An educational tool to assist in the management of hepatic metastases in patients with colorectal cancer

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As you use this educational tool you will be driven to infer (and in sections sometimes read) what the organizing principles of therapy for hepatic metastases from colorectal cancer are. Based on your own reading of the commentaries and reference materials you will come to your own conclusions about their applicability. The following two principles seem to be the overarching principles that have driven many of the opinions. Of course implied in all of this (as it is in all medical decisions) is that the risk/benefit ratio needs to be taken into account, and that the patient should be an informed participant in decisions about their care.

Principle 1: Colorectal cancer metastatic to the liver if resectable is often a curable disease.

Although a classic dogma in oncology suggests that any metastatic disease is an early sign of widely dispersed metastatic disease, this is too simplistic a view. Specifically in a number of clinical scenarios resection of metastatic disease can lead to long term survival and apparent cure of some patients. One of the most common scenarios for which this seems to be true is that of colorectal cancer metastatic to the liver. Such disease if left unresected results in a dismal prognosis with a 5 year survival of < 5%, while 5 year survivals of ~30% are commonly reported for patients undergoing resection of hepatic metastasis, and even higher 5 year survival rates have been reported in some patient subsets. Although there have been no randomized studies of outcome with or without resection of resectable disease, the dramatic differences in outcome seen in patient series is compelling evidence for the value of resection.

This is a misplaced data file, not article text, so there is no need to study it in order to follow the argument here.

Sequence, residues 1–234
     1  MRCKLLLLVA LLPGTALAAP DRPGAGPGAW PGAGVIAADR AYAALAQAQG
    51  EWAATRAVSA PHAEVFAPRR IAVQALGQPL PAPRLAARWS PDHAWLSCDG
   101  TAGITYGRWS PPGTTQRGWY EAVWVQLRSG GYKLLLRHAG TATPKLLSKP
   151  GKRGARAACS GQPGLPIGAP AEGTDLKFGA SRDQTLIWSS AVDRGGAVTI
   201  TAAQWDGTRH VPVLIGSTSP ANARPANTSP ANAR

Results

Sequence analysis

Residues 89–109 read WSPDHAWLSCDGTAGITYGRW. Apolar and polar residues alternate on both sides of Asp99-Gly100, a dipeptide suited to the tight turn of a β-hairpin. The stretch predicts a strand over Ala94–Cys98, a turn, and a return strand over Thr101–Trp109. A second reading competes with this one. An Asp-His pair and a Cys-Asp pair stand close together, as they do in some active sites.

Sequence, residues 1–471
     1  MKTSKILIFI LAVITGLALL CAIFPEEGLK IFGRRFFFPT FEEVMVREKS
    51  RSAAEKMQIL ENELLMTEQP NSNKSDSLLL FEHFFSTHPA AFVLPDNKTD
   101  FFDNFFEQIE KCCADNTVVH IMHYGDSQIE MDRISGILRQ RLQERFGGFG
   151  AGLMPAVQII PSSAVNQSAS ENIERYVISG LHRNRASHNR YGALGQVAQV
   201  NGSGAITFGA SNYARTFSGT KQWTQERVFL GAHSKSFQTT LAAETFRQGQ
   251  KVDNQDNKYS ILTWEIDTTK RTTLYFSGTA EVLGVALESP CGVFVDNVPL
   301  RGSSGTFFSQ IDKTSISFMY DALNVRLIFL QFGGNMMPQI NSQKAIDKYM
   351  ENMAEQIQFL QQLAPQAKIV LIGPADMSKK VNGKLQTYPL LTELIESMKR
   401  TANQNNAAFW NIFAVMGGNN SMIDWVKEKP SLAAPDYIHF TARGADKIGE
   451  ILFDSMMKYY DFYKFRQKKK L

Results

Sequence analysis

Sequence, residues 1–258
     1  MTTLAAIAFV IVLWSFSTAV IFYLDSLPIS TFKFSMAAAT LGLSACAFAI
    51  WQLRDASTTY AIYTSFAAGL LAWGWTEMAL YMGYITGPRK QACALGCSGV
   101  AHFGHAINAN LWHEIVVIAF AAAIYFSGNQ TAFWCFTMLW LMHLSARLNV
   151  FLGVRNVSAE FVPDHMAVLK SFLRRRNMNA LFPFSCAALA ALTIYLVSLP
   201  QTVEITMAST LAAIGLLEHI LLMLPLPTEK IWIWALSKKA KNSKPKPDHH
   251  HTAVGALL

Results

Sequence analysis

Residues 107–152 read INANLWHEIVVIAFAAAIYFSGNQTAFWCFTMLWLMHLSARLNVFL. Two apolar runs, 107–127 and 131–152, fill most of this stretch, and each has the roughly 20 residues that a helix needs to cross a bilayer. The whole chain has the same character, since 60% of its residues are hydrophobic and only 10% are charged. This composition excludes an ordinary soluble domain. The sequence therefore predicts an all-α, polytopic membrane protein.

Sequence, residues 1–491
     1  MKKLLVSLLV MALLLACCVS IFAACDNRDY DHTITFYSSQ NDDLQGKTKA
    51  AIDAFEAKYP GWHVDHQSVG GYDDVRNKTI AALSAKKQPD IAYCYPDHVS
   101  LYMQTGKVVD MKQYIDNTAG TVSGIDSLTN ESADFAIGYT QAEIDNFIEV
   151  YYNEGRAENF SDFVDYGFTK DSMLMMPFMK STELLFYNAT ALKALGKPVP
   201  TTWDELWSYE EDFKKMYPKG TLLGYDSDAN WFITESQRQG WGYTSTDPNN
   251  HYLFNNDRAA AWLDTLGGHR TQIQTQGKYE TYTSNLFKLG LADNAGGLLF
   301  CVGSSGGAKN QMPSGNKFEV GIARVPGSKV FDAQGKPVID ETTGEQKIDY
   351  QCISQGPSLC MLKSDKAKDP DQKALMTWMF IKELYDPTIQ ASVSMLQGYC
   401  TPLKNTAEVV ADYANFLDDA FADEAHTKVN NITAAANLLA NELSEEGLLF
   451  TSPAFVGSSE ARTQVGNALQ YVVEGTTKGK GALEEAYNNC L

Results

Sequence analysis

Corollary 1A: Every patient with metastatic colorectal cancer should consider surgery as part of the treatment plan, and should have a surgical consultation.

Corollary 1B: Every patient with newly diagnosed colorectal cancer should have adequate staging procedures to detect the possible presence and extent of metastatic disease.

Exception 1A: Patients who have absolute medical contra-indications to surgery.

Exception 1B: Patients who have metastatic disease to multiple organ systems (although for patients with a single additional organ system involved (e.g. the lung) success for an aggressive resection strategy directed at both metastatic sites has been reported.

Practical Issue #1 Are hepatic metastases resectable? Often! Except if:

One of the crucial determinants of outcome for patients undergoing resection of hepatic metastasis is the feasibility of undergoing the resection of all hepatic tumor (an R0 resection). For example the NCCN 2009 guidelines emphasize this point stating that resection should only be attempted if an R0 resection is possible. Certainly there is no evidence that debulking surgery leaving macroscopic (R2) disease behind improves outcome. A recent European publication that contested the view that R0 resections must be achieved, suggesting that post chemotherapy surgery when only an R1 resection is prospectively planned, resulted in benefit similar to that of R0 resections, but this view is controversial and awaits additional study.